Politics aside, you have to admit that ours is one pretty planet. It may not be our "mother" but it is our home, and we don’t have a summer cabin elsewhere in the universe.
There’s no doubt about it – we live on a privileged planet. Considering the earth’s place in its galaxy, its proximity to the right kind of parent star for heat and light, its eccentric orbit, surface gravity, thin surface crust over a molten core, oxygen/water atmosphere, water/land ratio, and large, single moon to govern tides just to name a few facets, the statistical chances of there being another gem like this one anywhere else are pretty slim. We need to take good care of this rare earth of ours.
For our Earth Day devotions, I offer a few paragraphs from Eugene H. Petersen’s Christ Plays in Ten Thousand Places and his comments on Genesis 1 as the rhythm of the liturgy of creation and life.
The interesting thing about rhythm is that we can slow down or quicken the tempo, but we cannot eliminate the beat, the cadence. This can be realized most readily in music and dance, but the very creation itself is this way. This is the nature of the creation of which we are part. We are embedded in time, but time is also embedded in us. Creation is called into being, not haphazardly and not in a cacophony of noise but rhythmically; as we listen and observe we find ourselves integrated into the rhythms. The great creative cadences keep sounding and resounding around and within us: And God said…and God created…and God blessed…and God made…and God gave…and God called….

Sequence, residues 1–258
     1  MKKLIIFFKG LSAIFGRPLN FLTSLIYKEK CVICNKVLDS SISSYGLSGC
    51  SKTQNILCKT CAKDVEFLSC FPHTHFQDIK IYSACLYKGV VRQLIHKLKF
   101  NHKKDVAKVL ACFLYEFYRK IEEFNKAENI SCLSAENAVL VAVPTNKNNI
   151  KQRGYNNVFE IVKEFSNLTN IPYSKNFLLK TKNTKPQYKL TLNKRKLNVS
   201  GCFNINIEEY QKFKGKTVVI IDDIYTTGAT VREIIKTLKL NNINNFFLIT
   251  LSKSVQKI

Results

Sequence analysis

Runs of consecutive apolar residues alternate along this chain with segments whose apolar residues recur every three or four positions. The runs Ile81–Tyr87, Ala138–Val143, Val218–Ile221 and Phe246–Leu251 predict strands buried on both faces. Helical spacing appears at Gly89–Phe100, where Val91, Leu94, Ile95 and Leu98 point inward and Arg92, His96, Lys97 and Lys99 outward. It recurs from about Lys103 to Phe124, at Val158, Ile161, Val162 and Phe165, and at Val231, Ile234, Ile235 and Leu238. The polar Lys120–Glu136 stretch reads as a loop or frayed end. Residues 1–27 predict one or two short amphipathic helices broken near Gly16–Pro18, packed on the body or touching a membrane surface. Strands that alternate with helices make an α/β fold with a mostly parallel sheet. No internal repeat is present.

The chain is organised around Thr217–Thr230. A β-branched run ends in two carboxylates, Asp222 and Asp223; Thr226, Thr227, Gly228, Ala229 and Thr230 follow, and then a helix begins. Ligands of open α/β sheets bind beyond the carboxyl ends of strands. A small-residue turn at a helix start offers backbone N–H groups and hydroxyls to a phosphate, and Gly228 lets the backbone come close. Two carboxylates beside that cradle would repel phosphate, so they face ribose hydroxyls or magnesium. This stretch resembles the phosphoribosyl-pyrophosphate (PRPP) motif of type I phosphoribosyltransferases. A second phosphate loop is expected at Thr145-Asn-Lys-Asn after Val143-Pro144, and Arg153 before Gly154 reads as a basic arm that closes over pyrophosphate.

Genesis "has a certain liturgical flavor…a highly regular and repetitive description of the process of creation, step by step, day by day,’"writes John Levenson. We continue to be part of this process as the Genesis text gets us in tune with, puts us in step with, keeps us present to creation time: light and darkness…sky and sea…earth and vegetation…sun, moon, and stars…fish and birds…animals and humans. As we enter each night’s rest and each day’s work, the great formative rhythms keep us aware of and participant with God’s formational words: "and God said…be fruitful and multiply and fill…according to its kind…and it was good…and it was so…and there was evening and there was morning…."
There is much more in Genesis 1, of course. There is the work of each of the six days by which we are guided to attend to everything that is going on around us. But the gift of time is, first, that by which we become present and participant in the work. Nothing in this creation is here merely to be studied, analyzed, figured out; each element, each day’s "work," is here first of all to be received as an integrated and coherent "note" in the all-encompassing rhythms of the creation oratorio, in which we breath the same air that God breathed over the deep, and from deep in our lungs – our lives! – we sing and play to the glory of God. (Petersen, 68-69)